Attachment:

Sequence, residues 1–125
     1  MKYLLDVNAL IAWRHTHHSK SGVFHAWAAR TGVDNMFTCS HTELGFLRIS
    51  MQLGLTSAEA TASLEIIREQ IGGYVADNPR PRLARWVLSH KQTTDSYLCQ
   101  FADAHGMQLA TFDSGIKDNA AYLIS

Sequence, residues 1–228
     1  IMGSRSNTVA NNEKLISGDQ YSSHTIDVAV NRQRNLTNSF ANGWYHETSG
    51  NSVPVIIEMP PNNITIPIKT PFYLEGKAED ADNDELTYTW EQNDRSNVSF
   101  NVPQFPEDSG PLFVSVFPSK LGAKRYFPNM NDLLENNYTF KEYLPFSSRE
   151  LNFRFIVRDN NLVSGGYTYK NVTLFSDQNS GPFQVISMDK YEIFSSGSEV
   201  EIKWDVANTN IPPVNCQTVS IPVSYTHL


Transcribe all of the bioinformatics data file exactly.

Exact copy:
Sequence, residues 1–125
     1  MKYLLDVNAL IAWRHTHHSK SGVFHAWAAR TGVDNMFTCS HTELGFLRIS
    51  MQLGLTSAEA TASLEIIREQ IGGYVADNPR PRLARWVLSH KQTTDSYLCQ
   101  FADAHGMQLA TFDSGIKDNA AYLIS

Sequence, residues 1–228
     1  IMGSRSNTVA NNEKLISGDQ YSSHTIDVAV NRQRNLTNSF ANGWYHETSG
    51  NSVPVIIEMP PNNITIPIKT PFYLEGKAED ADNDELTYTW EQNDRSNVSF
   101  NVPQFPEDSG PLFVSVFPSK LGAKRYFPNM NDLLENNYTF KEYLPFSSRE
   151  LNFRFIVRDN NLVSGGYTYK NVTLFSDQNS GPFQVISMDK YEIFSSGSEV
   201  EIKWDVANTN IPPVNCQTVS IPVSYTHL